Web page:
The Maine Senate and House voted Tuesday night to pass a sweeping medical marijuana reform bill that overhauls the caregiver system.
The bill, which now goes to Gov.Paul LePage, would let caregivers expand their business operations. For example, they could hire more than one worker, and sell up to 30 percent of their harvest to other caregivers and dispensaries. In exchange, however, they would have to submit to more state oversight, like unannounced state inspections and seed-to-sale tracking.
The bill allows caregivers to open retail stores, letting them become mini dispensaries that can serve as many card-carrying patients as they can from 30 flowering marijuana plants, but only in towns that have authorized medical marijuana storefronts.
The municipal opt-in requirement was added by Sen. Roger Katz, R-Augusta, mirroring a provision in the adult-use law.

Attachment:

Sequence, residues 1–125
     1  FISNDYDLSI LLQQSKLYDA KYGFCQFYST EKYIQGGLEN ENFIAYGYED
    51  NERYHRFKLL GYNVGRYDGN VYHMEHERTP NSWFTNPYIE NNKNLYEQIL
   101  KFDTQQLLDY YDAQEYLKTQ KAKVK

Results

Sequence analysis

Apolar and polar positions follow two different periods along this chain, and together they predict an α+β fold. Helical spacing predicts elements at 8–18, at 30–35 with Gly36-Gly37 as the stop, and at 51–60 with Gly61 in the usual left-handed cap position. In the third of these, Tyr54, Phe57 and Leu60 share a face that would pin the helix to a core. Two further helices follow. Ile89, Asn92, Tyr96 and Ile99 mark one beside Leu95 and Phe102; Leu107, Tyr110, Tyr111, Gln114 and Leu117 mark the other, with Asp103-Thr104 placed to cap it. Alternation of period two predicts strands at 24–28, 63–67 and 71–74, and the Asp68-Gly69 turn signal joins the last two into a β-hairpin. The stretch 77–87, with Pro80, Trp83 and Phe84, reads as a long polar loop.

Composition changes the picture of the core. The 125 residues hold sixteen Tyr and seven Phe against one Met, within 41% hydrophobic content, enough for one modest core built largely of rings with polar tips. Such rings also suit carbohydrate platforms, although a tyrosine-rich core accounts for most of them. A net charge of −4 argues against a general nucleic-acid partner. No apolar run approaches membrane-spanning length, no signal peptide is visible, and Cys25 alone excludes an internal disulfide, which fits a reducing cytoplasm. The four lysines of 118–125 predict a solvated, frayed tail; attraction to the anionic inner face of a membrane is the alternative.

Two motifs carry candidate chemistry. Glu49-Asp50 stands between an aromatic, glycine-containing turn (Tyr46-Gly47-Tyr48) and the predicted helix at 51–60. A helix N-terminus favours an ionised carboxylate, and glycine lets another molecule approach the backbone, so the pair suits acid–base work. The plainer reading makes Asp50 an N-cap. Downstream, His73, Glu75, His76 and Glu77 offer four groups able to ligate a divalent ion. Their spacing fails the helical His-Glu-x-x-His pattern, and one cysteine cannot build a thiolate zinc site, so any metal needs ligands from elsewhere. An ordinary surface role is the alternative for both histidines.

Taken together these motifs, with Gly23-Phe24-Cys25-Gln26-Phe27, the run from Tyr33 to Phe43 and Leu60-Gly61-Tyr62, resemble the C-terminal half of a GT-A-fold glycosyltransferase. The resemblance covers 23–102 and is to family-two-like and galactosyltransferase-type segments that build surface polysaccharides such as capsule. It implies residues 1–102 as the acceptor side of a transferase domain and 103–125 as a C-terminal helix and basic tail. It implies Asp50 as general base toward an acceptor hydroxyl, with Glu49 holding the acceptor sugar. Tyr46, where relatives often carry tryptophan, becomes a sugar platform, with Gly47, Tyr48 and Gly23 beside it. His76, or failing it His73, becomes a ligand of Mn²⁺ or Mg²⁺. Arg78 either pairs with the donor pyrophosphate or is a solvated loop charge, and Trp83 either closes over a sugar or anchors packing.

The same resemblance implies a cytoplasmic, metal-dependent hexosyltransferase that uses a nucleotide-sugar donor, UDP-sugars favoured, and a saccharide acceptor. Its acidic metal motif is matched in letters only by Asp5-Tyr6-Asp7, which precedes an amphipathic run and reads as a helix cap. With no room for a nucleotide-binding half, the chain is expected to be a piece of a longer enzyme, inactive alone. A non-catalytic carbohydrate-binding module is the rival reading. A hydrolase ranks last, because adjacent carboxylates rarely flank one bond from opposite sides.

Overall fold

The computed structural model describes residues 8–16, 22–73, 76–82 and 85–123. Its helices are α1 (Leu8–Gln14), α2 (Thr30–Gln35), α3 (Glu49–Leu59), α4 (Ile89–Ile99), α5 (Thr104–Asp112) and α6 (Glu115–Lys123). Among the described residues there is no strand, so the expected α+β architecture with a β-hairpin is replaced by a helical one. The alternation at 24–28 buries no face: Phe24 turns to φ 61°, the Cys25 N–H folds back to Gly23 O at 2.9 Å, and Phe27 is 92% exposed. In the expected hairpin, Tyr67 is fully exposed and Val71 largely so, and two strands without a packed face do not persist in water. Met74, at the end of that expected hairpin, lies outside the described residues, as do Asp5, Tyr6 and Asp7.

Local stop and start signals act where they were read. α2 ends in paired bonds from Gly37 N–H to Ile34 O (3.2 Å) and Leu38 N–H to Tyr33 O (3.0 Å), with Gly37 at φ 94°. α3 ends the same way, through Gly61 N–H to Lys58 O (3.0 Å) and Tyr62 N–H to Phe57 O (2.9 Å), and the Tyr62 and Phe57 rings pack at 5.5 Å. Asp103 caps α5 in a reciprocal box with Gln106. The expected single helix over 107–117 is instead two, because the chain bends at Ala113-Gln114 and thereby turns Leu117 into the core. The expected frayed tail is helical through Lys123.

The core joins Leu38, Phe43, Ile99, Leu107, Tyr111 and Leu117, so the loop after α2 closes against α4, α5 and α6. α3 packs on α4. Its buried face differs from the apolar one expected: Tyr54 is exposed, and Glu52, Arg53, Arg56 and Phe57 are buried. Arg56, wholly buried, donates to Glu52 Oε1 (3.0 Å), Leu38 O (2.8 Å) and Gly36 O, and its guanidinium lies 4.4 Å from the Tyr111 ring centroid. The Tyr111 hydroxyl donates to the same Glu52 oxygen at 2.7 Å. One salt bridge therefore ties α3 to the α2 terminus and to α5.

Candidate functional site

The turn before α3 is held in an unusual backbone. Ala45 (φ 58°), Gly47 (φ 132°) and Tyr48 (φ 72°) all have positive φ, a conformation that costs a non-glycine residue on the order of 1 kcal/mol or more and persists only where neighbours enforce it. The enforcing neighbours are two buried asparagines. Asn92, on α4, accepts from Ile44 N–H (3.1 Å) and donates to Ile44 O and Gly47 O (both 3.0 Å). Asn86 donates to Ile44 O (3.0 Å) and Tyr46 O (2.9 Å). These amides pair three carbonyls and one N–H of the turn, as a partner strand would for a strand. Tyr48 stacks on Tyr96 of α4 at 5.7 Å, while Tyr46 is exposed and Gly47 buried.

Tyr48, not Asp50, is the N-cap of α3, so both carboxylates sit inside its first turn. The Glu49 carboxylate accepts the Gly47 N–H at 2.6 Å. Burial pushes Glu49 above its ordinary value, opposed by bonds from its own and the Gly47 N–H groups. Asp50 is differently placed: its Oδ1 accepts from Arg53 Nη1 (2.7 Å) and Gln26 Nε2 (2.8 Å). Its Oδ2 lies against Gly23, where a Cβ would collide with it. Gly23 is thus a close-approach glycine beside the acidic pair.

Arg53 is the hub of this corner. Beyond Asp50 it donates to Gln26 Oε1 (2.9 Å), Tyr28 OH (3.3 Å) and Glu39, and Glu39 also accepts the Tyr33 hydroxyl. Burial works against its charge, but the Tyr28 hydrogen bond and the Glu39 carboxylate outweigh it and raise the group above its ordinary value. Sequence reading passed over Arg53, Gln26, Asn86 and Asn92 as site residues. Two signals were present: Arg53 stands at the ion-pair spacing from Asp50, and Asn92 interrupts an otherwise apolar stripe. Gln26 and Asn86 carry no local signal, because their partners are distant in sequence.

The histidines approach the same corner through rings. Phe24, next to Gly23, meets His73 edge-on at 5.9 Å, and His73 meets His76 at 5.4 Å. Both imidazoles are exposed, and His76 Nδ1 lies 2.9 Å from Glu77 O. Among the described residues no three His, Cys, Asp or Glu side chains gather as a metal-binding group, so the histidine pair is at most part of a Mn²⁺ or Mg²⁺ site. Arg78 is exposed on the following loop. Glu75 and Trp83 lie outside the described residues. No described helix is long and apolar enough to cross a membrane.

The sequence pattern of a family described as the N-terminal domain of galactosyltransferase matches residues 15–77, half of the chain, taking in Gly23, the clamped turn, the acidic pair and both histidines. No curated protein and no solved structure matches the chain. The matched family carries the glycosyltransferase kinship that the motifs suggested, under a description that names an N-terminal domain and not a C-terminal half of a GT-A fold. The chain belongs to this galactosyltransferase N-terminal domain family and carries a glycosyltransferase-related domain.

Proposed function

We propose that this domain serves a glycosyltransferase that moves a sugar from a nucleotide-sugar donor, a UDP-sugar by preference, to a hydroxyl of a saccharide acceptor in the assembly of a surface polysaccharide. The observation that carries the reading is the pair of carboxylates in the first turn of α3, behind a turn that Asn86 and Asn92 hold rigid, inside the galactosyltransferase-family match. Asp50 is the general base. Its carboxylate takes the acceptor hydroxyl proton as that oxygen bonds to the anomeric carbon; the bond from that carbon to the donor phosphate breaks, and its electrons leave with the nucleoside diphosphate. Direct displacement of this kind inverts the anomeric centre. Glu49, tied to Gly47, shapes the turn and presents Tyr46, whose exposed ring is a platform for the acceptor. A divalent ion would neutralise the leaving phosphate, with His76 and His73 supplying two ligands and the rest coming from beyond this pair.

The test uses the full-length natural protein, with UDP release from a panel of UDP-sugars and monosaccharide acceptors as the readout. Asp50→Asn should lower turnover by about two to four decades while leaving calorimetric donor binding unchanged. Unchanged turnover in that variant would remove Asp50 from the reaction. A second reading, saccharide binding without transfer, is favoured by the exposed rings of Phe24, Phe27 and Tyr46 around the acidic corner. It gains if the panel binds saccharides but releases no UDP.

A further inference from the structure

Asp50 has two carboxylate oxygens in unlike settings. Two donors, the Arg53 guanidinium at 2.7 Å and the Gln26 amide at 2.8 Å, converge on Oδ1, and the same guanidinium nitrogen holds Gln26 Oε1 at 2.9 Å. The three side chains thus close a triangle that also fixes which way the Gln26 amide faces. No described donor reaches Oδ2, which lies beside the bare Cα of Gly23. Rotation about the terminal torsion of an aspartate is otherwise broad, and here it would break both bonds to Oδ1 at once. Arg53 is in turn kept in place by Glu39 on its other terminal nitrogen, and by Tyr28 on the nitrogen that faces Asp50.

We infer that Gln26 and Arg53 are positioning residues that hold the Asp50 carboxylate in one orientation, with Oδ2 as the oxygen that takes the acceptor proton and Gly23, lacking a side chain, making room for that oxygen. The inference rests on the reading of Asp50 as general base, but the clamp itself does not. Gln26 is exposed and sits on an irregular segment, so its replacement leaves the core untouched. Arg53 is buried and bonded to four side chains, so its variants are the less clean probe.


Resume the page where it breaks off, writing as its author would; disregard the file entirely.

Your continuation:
“This gives more clarify to municipalities, patients and medical marijuana providers on what they can and can’t do,” Katz said on Tuesday night before a Senate chamber that was down seven members as the special session wound down. “There is going to be a single set of rules if someone wants to set up a marijuana store.”
MONTHS OF CONSIDERATION
The original bill, which was written by the Health and Human Services Committee after months of consideration, gave towns a lot of authority to regulate caregivers, including their retail shops, through ordinances or zoning, but the Katz amendment essentially allows a town to shut out caregiver retail stores by doing nothing. This mirrors the state’s recently passed adult-use cannabis law.
The amendment also would allow towns to shut down existing stores that have popped up without municipal authorization.
The medical marijuana reform bill faced a long road to even get its shot at becoming a law. It had received support in both chambers in the regular